Pissing Down Your Leg

Thoughts on Economics and Economic Policy

Archive for the ‘Class warfare’ Category

Republican “Intellectuals” View Life as a Game

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Alec MacGillis writes about Mankiw’s defense of the tax treatment of carried interest. At the end he (doesn’t) link to Matt O’Brien who links to a Mankiw blog post saying the exact opposite.

This is what I mean when I say that those academics and other public intellectuals on the right view this whole thing as a game. It’s not about doing what’s right and it’s not even about doing what you believe to be true. It’s about confusing the issue so that your masters can do what they want.

But it’s not a game. Allowing hedge fund managers to pay 15% in federal income taxes instead of 35% robs the Treasury of much needed revenue, putting a burden on current and future tax payers. It also increases inequality in a way that simply didn’t happen fifty years ago.

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Written by Liam C Malloy

March 6, 2012 at 1:01 pm

The CBO Makes the 99%’s Point: They’re Eating Our Pie!

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The CBO very thoughtfully made what I believe is the main point of the OWS protesters. The main income growth over the last 30 years has gone to only the top 1 percent of the income distribution, leaving everybody else only marginally better off than we were three decades ago.

The growth in (after-tax!) income by quintile is striking:

Growth in Real After-Tax Income from 1979 to 2007

Source: Congressional Budget Office

The first four quintiles have seen less than 50% growth over 30 years, or less than 1.4% per year. And as you can see that’s much smaller for the bottom 40% who have seen income grow less than 1% per year. Meanwhile the top 1% has seen after tax income grow by 270% over the same time period, or 3.6% per year.

That means that every group except the 1% have seen their slice of the American pie shrink between 1979 and 2007.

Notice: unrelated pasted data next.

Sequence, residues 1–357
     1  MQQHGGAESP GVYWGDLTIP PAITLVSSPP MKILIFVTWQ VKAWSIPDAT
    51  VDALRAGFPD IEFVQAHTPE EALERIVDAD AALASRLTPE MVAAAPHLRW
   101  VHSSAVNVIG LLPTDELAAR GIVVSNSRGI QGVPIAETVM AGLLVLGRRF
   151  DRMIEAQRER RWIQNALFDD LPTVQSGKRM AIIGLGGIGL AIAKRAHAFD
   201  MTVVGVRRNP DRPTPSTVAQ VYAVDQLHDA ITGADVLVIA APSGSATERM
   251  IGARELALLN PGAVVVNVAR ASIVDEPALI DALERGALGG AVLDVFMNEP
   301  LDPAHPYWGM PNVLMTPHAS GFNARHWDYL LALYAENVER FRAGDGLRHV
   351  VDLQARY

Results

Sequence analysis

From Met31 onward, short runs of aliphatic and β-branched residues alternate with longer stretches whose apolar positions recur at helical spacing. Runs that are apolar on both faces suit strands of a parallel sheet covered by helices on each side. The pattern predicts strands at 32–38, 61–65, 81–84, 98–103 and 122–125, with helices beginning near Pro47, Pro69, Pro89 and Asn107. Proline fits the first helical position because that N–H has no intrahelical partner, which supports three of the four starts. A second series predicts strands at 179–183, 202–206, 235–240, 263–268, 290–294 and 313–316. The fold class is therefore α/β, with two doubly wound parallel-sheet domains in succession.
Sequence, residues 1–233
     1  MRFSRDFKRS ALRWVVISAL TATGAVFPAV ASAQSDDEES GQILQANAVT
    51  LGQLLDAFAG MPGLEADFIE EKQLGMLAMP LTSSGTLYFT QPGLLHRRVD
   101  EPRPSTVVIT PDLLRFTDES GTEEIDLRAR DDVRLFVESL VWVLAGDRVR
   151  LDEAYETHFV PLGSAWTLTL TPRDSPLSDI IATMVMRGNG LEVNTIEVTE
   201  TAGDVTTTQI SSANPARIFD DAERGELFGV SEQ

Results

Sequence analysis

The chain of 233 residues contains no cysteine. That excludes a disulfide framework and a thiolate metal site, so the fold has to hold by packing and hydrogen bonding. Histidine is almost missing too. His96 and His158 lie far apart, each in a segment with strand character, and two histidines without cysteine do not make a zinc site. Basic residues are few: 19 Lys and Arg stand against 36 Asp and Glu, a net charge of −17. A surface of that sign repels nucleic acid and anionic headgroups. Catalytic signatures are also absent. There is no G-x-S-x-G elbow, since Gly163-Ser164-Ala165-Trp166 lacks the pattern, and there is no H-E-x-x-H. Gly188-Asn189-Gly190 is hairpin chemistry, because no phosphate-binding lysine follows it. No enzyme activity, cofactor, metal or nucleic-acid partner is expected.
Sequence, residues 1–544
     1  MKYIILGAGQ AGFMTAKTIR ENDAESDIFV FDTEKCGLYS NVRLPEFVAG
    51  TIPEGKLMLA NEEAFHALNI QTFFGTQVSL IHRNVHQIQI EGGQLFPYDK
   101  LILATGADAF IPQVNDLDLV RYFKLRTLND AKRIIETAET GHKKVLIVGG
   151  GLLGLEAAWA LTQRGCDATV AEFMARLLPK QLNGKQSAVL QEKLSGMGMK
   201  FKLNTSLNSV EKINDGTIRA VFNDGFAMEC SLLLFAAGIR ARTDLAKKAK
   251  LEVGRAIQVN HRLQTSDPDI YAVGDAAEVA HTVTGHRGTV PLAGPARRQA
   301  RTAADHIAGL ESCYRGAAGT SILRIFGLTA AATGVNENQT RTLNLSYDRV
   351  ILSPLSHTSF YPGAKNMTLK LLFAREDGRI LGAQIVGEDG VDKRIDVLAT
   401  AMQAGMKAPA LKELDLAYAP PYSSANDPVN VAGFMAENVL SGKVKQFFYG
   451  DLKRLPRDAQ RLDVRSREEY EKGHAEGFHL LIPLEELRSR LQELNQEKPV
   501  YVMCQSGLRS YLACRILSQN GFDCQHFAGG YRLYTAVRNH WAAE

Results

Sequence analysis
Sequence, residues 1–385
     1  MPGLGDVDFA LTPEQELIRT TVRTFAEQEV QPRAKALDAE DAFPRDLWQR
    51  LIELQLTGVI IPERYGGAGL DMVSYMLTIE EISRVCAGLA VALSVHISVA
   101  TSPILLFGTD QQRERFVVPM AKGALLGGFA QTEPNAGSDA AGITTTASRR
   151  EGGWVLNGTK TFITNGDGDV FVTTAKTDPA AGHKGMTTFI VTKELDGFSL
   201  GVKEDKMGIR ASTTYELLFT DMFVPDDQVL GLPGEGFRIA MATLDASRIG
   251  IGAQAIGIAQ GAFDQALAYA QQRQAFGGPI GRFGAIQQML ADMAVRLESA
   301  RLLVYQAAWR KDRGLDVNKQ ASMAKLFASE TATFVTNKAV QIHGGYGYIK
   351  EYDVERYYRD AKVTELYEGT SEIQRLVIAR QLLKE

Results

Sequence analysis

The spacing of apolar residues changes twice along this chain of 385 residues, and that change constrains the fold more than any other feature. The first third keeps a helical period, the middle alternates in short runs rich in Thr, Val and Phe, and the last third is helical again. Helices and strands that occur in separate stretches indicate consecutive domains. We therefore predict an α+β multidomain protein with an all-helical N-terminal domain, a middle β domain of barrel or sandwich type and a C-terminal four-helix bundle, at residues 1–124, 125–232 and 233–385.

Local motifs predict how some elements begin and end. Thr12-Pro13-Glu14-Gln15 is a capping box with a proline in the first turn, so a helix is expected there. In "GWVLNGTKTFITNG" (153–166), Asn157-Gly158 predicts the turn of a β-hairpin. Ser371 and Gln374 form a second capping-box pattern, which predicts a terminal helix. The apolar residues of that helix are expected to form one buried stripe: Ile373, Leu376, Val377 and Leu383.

Shares of Market Income, 1979 and 2007

Source: Congressional Budget Office

I’m just glad that the 99% is finally waking up and demanding that we do something about it. So while I’m no protester (I’m much to soft and squishy), here are a few suggestions:

  • Increase the marginal tax rates, especially on the top 1% (my next post will expand on this).
  • Put a Tobin tax on financial transactions, say $0.05-$0.10 per share (or the equivalent).
  • Pass a constitutional amendment that says all federal elections are to be financed with only public funds.

Growth in GDP per capita comes from the entire economy. It comes from businesses competing for your dollar and coming up with new products and better ways to make old products. It can be strong when the top marginal tax rate is 90% (as it was in the 1950s) or when it is 39% (as it was in the 1990s). It can come when the top 1% is getting 7% of the national income and when it is getting 15% of the national income. We simply have to choose which world we want to live in.

I believe the three suggestions above will slow the growth of the top 1 percent’s income, reduce the size of the financial sector, and make the government more accountable to voters rather than those who donate. That’s the world I want to live in.

Written by Liam C Malloy

October 27, 2011 at 9:45 am

Three Cheers for Eric Schoenberg!

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Eric Schoenberg has an article at the HuffPo about how little he paid in federal taxes for 2010. Out of his income of $207,415 he was able to deduct $155,466 plus another $14,600, leaving him with only $37,349 in taxable income. His federal taxes then amounted to $2,173 for a tax rate of 1.0%. His take: Thanks a lot, but this is insane. Under my proposal he would have paid $43,147 in taxes, for a tax rate of 20.8%. Now, if that were the case he might be writing a different article (Why Are My Taxes so High?), but at least we would be paying the bills.